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Internships at Anna Champeney Textiles in Spain: Winchester School of Art Student Leah Ashton tells textilesnaturales about her experience

YouIMG_4768-1´re a second year student at Winchester School of Art in the UK.  Tell us more about your degree course.

I study fashion and textile design, specialising in woven textiles. During the first semester of first year we got inducted into 4 specialisms; fashion design, fashion knitwear design, print design and woven textiles. I choose woven textiles because I liked the physical aspect of choosing yarns and putting them together to make a piece of fabric.

Over the second year the our projects are based on our own adaptation of themes, whether an era in history or simply responding to a short text.  We have been working on 24 shaft Arm looms, also using the jacquard to create more intricate pieces. We have been able to create warps freely – to best suit our projects and which outcomes we wanted to create. The outcomes of each project consist of a collection of fabrics that vary in weight and texture.  In our final year we have a complete free range to decide what kind of collection we want to design.  We can select the theme/ inspiration and everything about the set up of the warps.

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Tell us about Anna Champeney textile studio where you´ve spent the past 3 weeks as an intern.

Anna Champeney is an independent studio based in the remote village of Cristosende, Northern Spain.  They specialise in hand woven products, using high quality yarns that are often naturally hand dyed on site. Some of the natural dyes that are used are cultivated by the studio itself. They also offer internships and courses to help people further their knowledge in hand weaving and natural dyeing.

 

Tell us about your experience at the studio and what you´ve learned.

 

While I have been on internship at AC Textile studio I have produced a range of different woven pieces for sale and a piece that was commissioned by a client.  After creating a few samples to test colours combinations and designs, the first piece I created was a linen scarf.  The scarf consisted of a repetition of four natural-dyed linen colours in pinky-red, green, dusky pink and blue.  What I learned from weaving this scarf and consequently helping with the other pieces I went on to create, was the importance of getting the density right.  Density has never been something that I thought about when creating pieces at uni. but for the finish and overall look of a piece the density has the ability to change a product quite dramatically.  Not only the look but the feel of a piece as well.  So it´s crucial to get that right.

Over the last two weeks I have been learning a lot about dyeing with natural sources as I´ve been assisting the studio in creating their palettes of natural colours.  Before coming on this internship I have only had the smallest connection to dyeing only having done it myself a handful of times, and have never dyed using natural sources.  I found it incredibly interesting to find out what plants and roots etc have the ability to create colour-fast dye and how by adding acid or alkali a dye can change tone/ shade quite dramatically.  I was particularly interested by the bright, vibrant colours that some of the dyes made because I always associated natural dyeing with weak, pale colours.  The last piece I am creating is another scarf, this time using a combination of white linen and a grey wool and Lycra blend. I created a sample piece for this scarf on my very first day of my internship to test and practice the required density. When the piece was wet finished at a high temperature, the blocks shrunk and puckered creating the most fascinating three-dimensional fabric which looked almost pleated and that was also stretchy. I have really loved working with high-twist yarns and the wool and Lycra blend, I have learnt how these yarns can change when washed, sometimes, in the case of the wool and Lycra piece you can simply see a change in the fabric by loosening the tension.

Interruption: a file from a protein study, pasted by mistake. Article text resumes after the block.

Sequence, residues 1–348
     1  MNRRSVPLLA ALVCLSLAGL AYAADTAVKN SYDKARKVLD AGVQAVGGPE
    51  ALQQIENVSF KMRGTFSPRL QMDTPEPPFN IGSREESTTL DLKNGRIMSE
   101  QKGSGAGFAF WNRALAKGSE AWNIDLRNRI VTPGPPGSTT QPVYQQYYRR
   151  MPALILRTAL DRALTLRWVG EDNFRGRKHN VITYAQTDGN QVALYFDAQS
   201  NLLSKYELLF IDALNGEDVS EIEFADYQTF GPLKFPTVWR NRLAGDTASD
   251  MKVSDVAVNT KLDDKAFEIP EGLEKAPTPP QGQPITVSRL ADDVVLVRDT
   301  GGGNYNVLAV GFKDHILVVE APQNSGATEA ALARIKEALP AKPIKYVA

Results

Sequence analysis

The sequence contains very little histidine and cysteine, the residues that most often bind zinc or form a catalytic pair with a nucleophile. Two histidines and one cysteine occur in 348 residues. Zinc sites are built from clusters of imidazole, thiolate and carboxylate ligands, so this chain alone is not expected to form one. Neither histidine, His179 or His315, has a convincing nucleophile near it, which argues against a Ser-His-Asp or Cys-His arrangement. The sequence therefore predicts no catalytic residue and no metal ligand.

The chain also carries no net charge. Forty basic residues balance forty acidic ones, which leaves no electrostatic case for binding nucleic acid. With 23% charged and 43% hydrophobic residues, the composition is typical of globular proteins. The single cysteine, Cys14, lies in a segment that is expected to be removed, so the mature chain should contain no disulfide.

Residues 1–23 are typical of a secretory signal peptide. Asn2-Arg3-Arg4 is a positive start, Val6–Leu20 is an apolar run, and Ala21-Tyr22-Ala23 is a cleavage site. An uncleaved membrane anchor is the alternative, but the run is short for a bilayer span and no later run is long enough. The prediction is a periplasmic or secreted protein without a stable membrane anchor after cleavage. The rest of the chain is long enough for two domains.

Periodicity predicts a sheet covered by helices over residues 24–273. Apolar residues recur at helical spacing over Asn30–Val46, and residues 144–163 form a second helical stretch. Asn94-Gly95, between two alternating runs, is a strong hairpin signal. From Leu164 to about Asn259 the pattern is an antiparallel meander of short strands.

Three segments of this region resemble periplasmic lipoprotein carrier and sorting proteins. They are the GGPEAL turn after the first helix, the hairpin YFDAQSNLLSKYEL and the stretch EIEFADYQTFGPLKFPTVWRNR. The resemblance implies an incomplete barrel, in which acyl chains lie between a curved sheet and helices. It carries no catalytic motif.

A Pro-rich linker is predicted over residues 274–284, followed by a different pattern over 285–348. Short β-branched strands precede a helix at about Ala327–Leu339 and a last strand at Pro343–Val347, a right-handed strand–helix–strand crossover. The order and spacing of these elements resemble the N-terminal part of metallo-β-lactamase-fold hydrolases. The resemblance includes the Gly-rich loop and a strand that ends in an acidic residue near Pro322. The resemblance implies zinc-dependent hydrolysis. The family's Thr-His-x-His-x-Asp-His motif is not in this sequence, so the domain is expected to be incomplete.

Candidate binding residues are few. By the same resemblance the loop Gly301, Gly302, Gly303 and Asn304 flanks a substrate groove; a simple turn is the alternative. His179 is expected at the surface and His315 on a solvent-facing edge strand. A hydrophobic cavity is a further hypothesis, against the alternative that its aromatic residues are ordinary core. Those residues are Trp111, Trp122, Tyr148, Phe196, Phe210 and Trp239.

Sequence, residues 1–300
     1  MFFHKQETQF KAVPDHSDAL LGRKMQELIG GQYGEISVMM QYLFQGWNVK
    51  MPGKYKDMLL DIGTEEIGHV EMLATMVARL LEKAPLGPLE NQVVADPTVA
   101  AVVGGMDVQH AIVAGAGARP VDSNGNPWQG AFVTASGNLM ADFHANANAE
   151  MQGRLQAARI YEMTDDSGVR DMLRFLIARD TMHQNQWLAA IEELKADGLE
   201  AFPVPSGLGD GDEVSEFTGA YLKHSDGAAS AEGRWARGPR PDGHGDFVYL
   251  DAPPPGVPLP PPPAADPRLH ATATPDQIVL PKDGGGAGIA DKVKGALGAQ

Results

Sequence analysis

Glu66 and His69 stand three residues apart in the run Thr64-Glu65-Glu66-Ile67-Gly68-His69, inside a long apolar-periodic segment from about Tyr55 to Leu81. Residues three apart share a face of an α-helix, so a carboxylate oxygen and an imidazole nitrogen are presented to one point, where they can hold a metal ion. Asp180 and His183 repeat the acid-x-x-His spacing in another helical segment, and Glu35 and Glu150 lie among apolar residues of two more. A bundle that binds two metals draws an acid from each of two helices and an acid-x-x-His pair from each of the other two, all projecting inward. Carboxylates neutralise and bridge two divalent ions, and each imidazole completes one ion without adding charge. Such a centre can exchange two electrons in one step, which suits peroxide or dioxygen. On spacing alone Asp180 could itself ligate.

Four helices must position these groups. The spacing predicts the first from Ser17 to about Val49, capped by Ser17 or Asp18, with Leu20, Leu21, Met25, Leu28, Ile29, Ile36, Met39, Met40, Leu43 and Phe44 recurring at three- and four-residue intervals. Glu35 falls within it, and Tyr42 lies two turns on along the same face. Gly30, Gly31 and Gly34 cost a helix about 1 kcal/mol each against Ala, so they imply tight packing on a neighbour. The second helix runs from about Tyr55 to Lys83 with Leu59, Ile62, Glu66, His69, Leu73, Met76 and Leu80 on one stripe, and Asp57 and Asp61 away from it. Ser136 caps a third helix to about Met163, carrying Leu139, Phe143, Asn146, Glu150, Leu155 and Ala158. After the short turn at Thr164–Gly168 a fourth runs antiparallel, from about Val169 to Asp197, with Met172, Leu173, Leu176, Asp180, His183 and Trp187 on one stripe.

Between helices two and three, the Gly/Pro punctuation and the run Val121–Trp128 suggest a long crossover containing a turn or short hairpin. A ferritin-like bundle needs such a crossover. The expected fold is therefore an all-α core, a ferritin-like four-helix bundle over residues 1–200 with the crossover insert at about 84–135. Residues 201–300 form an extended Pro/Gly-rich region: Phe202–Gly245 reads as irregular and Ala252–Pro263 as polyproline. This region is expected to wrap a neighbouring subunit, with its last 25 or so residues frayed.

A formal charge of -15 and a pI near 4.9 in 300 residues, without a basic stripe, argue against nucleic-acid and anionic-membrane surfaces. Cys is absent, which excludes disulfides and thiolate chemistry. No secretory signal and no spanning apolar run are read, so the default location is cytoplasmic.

I was also interested to find out about the local technique of felpa, although this was not part of any piece I created, I really liked learning about the local history of weaving and even how to create such an unusual technique. I cannot wait to experiment more.

 

You´re from London and Anna Champeney Textile Studio is based in a tiny mountain hamlet in north Spain so how did you find the contract?

 

London and Cristosende could not be more different, at first a bit of a culture shock.  It was really obvious the community feel of the area, people know each other, not only in Cristosende but also in the slightly bigger town where we went food shopping.  I also noticed the link the people of the area have with the surrounding landscape, with many vineyards around and fruit trees. Not only that but how AC textiles cultivate some of their own plants for dyeing and achieve a degree of self-sufficiency by growing their own fruit and vegetables.

 

It has been such a special experience, stepping out my comfort zone and travelling to remote northern Spain to learn about weaving from someone who devotes her time wholeheartedly to it. I have loved the experience of getting a way from the busy stresses of normal life and being able to just concentrate on weaving.  I have become incredibly inspired over the last few weeks of being here, by Anna’s drive and love for her subject.  Her fascinating stories about the traditional crafts people of the area has made me think more closely about the history behind textiles.  I’m so glad I was offered this internship, all round has been a great experience.